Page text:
Tag Archives: Bible translations

Our Heresy Detector: God’s Word

At church we are in the middle of a sermon series on “What We Believe.” This morning our pastor talked about how important it is to hold onto Jesus and what we believe about Him based on the teaching of the Bible. In the children’s chat he used an illustration that has always been one of my favorites. He pulled out his wallet and offered a $1 bill to each of the kids up front, and then pointed out that when people work for financial institutions they learn how to spot counterfeit money not by studying various counterfeits, but by studying the real thing. In the same way, we need to study what the Bible says about God so that we can recognize teachings that are counterfeit or false. (Another word for false religious teaching is heresy.)

In the early church, there were three heresies about Jesus that were taught by some. It was to combat these false teachings that the various creeds of the church were written based on the Bible. The three most common creeds are the Apostles’ Creed, the Nicene Creed, and the Athanasian Creed. Three heresies about Jesus that these creeds were written to refute were that:

  1. Jesus did not exist in the beginning but was created by God.
  2. Jesus was not God.
  3. Jesus did not rise in bodily form after His crucifixion.

Each of these heresies are still taught in some churches that claim to be Christian but that do not adhere to the truth of the Bible and the creeds written by the early church. Without a firm foundation in Scripture and knowledge of where the truth can be found in God’s Word, people can be easily fooled by these counterfeit claims. In his sermon, our pastor pointed out Bible passages that support the truth and refute these heretical teachings. He showed us how to use our greatest heresy detector, the Word of Almighty God. He suggested we underline some of the passages, and I was happy to find that I already had several of them underlined in my Bible.

Here are some of the verses that refute the teaching that Jesus did not exist in the beginning but was created by God:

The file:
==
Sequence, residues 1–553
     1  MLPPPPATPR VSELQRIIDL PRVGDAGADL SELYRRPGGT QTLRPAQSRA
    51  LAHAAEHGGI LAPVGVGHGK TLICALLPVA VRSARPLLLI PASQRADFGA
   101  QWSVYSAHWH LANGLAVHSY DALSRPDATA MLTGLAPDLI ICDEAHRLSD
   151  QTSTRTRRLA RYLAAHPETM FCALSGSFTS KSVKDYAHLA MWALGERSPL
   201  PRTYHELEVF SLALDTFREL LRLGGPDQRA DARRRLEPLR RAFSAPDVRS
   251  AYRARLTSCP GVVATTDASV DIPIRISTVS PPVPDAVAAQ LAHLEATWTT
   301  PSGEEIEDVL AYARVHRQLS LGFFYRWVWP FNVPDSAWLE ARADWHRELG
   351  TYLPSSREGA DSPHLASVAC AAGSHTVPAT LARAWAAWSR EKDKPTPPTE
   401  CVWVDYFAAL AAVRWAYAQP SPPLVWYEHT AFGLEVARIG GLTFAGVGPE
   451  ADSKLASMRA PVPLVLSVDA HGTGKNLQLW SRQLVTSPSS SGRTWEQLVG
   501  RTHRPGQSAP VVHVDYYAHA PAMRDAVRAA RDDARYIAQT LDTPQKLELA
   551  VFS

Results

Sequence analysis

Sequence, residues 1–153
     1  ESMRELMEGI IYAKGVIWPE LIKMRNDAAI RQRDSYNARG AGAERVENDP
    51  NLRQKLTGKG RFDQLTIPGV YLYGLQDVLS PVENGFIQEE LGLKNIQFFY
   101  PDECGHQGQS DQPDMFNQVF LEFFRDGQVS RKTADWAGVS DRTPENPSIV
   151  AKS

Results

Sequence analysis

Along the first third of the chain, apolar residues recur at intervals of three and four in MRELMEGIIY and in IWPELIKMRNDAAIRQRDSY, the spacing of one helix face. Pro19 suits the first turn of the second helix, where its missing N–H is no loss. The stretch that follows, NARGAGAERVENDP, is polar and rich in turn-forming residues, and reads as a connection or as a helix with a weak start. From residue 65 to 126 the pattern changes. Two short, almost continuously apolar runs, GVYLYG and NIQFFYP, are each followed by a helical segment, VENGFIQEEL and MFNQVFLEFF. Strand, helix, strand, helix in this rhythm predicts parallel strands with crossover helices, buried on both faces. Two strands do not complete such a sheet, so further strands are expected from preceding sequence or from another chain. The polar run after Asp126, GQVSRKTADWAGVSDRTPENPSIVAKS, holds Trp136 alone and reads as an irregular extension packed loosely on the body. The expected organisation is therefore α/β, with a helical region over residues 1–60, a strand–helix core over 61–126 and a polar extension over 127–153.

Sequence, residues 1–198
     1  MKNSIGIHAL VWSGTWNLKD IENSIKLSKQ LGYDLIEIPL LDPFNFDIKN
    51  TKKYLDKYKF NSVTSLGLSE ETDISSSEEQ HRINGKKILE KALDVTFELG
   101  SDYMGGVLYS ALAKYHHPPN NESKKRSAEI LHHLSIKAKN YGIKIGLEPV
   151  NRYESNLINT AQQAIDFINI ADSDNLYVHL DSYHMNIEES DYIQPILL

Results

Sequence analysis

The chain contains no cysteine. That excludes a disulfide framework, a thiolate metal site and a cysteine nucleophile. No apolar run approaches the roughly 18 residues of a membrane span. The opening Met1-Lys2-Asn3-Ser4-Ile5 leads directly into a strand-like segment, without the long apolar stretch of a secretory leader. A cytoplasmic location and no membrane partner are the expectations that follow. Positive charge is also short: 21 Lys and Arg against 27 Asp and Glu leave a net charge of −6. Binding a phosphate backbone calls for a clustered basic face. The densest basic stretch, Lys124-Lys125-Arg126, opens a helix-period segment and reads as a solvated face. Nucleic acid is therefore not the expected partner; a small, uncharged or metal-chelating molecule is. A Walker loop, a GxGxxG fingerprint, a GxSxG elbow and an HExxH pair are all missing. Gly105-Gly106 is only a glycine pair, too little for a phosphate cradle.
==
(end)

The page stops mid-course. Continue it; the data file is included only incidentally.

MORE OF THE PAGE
• In the beginning was the Word, and the Word was with God, and the Word was God.
    He was with God in the beginning.
    Through him all things were made; without him nothing was made that has been made. John 1:1-3 (NIV).
  • “Very truly I tell you,” Jesus answered, “before Abraham was born, I am!” John 8:58 (NIV). [This passage is important because "I am" is how God identified Himself to Moses from the burning bush.]
  • The Son is the image of the invisible God, the firstborn over all creation.
    For in him all things were created: things in heaven and on earth, visible and invisible, whether thrones or powers or rulers or authorities; all things have been created through him and for him. He is before all things, and in him all things hold together. Colossians 1:15-17 (NIV).
  • [Jesus prayed,] “Father, I want those you have given me to be with me where I am, and to see my glory, the glory you have given me because you loved me before the creation of the world.” John 17:24 (NIV).

Here are some of the verses that refute the teaching that Jesus is not God:

  • John 8:58 is also appropriate here. There are actually a number of other “I am” statements by Jesus in the book of John that taken together attest to His divinity. (John 6:35, 8:12, 8:23, 10:7, 10:11, 11:25, 14:6, 15:1).
  • For in Christ all the fullness of the Deity lives in bodily form, and in Christ you have been brought to fullness. He is the head over every power and authority. Colossians 2:9-10 (NIV).